A Covid-19 vaccine produced by Pfizer/BioTech is now on British soil and NHS workers will start administering injections from Tuesday 8 December. Who will be the first to have it and how does it work?
NHS workers were said to be at the front of the queue, but have now been moved further down the list so care home staff, residents, hospital inpatients and outpatients aged over 80 can be immunised, Evening Standard reports.
Whilst the vaccine is to be rolled out as soon as next week, Heidi Larson, the director of the London-based Vaccine Confidence Project (VCP) said: “I don’t think it is in the interest of the government to be racing along without building the ground,” adding that the announcements “are made more politically.
She then added that the UK has approval for emergency use of the vaccine but there is a need for more regulation before mass immunisation is possible.
“Hearing [communities], engaging with them and building that ground before vaccines are widely given. If we don’t do that it risks being a problem.”
Responding to the question of whether the vaccination will be mandatory, Larson told The Guardian she could not see this approach taken by the government. However, some proof of vaccination may be required for travelling to some places.
So who can have a jab first?
Two groups will not receive a vaccine as there is no data on its safety: pregnant women and children under 16.
The Joint Committee on Vaccination and Immunisation (JCVI) released a statement explaining: “Women should be advised not to come forward for vaccination if they may be pregnant or are planning a pregnancy within three months of the first dose.”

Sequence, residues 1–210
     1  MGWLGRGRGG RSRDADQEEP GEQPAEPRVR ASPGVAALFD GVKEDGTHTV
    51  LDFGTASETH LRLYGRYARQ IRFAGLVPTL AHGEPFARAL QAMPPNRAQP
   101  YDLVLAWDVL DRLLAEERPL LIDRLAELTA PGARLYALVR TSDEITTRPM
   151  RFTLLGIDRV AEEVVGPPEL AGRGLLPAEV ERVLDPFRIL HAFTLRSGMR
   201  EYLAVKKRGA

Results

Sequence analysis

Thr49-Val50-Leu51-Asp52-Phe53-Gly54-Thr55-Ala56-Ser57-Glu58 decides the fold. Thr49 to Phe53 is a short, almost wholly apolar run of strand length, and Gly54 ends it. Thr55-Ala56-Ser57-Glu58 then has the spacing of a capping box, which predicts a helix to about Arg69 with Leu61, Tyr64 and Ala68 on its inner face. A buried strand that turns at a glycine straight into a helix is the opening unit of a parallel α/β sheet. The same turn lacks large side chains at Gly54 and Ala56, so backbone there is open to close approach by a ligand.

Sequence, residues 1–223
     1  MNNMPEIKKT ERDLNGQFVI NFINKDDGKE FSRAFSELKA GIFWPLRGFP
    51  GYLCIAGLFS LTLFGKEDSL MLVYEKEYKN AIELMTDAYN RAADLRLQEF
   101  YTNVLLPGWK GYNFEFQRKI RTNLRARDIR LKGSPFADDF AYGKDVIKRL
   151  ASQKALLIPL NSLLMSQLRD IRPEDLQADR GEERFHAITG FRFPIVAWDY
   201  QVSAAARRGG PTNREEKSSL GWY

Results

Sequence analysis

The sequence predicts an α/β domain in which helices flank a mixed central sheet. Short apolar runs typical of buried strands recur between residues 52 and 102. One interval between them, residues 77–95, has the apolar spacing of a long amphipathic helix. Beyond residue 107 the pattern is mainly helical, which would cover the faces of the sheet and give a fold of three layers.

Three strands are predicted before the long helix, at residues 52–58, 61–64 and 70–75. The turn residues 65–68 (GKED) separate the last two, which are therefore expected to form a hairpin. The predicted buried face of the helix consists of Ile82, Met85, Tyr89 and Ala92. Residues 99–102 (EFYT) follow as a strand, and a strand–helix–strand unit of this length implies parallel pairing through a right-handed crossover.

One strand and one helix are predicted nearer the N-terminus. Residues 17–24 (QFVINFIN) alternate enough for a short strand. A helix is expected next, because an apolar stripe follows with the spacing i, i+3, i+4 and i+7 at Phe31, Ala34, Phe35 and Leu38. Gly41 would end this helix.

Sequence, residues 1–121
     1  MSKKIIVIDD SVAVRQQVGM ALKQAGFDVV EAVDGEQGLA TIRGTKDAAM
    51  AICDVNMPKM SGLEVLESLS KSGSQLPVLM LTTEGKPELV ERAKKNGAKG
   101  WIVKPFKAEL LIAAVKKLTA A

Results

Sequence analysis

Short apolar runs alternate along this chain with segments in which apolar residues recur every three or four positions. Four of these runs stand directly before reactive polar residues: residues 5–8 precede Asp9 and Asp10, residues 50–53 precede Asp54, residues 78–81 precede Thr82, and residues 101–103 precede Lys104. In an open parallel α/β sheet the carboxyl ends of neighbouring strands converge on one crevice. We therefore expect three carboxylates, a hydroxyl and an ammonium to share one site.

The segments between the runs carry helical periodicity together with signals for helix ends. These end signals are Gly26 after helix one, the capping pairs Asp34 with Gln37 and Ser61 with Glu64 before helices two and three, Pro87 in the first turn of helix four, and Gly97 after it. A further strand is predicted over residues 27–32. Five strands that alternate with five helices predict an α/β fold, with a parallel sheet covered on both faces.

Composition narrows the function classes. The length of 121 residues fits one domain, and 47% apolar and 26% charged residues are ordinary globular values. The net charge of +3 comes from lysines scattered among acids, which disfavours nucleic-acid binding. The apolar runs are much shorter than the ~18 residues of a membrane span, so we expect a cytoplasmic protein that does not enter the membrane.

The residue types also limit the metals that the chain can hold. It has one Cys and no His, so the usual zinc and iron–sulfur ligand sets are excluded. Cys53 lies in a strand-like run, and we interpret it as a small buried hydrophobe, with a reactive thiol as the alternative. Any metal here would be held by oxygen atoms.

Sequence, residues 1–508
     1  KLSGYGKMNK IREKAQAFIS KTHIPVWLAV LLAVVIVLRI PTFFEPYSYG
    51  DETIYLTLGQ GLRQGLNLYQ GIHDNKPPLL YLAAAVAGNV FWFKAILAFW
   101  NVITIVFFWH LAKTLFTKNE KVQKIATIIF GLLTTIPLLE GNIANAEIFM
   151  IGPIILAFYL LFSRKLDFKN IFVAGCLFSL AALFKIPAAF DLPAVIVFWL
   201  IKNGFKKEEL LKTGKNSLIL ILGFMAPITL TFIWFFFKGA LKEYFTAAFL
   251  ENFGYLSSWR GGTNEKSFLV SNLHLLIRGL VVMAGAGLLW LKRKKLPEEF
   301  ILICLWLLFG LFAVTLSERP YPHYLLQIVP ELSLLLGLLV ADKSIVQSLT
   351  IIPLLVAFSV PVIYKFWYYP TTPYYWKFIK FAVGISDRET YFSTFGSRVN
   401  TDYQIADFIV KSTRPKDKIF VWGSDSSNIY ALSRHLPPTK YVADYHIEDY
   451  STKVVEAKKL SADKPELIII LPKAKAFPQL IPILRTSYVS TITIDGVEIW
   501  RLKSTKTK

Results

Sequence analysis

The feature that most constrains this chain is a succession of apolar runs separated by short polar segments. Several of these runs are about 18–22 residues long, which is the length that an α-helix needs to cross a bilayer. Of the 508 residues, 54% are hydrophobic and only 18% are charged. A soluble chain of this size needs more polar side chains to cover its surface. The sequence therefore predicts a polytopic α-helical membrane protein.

Children under 16 will not need the vaccine. Should they contract the virus, they will have “asymptomatic infection or mild disease” stated the JCVI, adding that it will, of course, be available for “those children at very high risk of exposure and serious outcomes.”
How does the vaccine work?
Studies on the Pfizer’s vaccine, the first inoculation to be used, have shown that it is 95% effective and works across all age groups.
The British Government has secured 40 million doses of the vaccine with 800,000 in the first batch received. Ten million doses are expected in the UK, SkyNews reports.
For full effect, patients will need to receive two doses of the vaccine, with partial protection 12 days after the first injection. Sir Munir Pirmohamed said that people who received both doses would become completely immune seven days after the final injection.
But what is in the vaccine?
Different vaccines are becoming available, depending on who is developing it.
Pfizer/BioNTech and Moderna’s vaccines use mRNA vaccines which are bits of genetic code that cause an immune response.
The Oxford AstraZeneca vaccine uses a harmless virus altered to look a lot more like Sars-CoV-2 (Covid-19).
Vaccines sometimes contain other ingredients that help the vaccine stabilise and increase effectiveness such as aluminium and proteins from the virus.
Those vaccines do not alter human cells – they help the body build immunity to Covid-19, BBC reports.
Will I experience after-effects after being vaccinated?
Allergic reactions to vaccination are rare – however, some people do suffer mild symptoms after being vaccinated such as sore muscles and a temperature.
Jabs do not give you a disease, but they teach your immune system how to recognise and fight the infection they have been developed and designed to protect against.
While the after-effects may feel like similar symptoms, this is not the disease itself, but the body’s response to the vaccine, BBC reports.
Words: Sam Tabahriti | Subbing: Leah Trimmer